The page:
Continuing Medical Education
Adapting the psychiatric assessment for primary care
- The traditional form of psychiatric assessment needs to be shortened to facilitate its use at the primary care level.
- This can be done if there is a good understanding of the aims and purposes of a mental health assessment and its nature as a work in progress.
- Because many people with mental illness struggle to identify the preceding, it is important to know when to suspect it and what questions to ask.
- Developing and maintaining rapport is vital for a successful assessment, but doing so simply requires attention to skills that should be basic for any practitioner.
- Collateral information is vital in many instances.
- It is seldom possible or desirable to reach a definitive diagnosis and treatment plan at the first assessment, so this should be seen as the beginning of a collaborative process of investigation that, in and of itself, has therapeutic value.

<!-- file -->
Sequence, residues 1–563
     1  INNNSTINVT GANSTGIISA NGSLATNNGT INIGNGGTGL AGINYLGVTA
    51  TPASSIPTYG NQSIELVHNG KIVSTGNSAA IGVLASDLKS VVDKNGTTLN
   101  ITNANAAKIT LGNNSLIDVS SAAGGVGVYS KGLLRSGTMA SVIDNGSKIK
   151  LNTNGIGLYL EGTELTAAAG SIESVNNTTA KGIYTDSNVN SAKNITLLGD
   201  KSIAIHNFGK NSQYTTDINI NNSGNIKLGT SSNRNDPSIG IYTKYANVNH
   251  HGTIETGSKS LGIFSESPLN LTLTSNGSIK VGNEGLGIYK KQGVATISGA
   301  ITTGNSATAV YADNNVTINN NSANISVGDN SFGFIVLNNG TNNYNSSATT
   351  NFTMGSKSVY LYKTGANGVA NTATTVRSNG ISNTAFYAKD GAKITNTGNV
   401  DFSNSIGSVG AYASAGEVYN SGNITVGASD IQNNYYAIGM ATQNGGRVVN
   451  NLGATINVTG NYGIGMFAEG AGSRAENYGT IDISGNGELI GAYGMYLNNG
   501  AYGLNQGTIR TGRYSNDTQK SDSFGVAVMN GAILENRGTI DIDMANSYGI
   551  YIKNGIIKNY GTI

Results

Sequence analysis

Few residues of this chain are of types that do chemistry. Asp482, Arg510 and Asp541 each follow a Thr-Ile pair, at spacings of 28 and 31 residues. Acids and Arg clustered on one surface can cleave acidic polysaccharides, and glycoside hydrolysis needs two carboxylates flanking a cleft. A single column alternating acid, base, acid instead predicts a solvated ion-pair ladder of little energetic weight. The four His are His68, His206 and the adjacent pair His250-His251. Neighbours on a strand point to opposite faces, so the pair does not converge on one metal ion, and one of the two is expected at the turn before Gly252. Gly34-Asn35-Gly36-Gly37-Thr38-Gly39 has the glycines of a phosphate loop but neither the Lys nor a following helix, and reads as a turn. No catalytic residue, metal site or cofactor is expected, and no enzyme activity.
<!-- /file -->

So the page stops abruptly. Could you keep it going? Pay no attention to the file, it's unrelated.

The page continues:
- It is vital to identify what steps must be taken urgently at the first assessment, so a careful risk assessment is crucial. This requires a clear understanding of the hierarchy of risks that may be present.
- A diagnostic framework of broad syndromal categories will then provide a basis to direct further enquiry.
J Parker, OPD, Outreach and Medium Term Services, Lentegeur Hospital, Division of Public Mental Health, Department of Psychiatry and Mental Health, University of Cape Town, South Africa
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Date published: 2013-11-19
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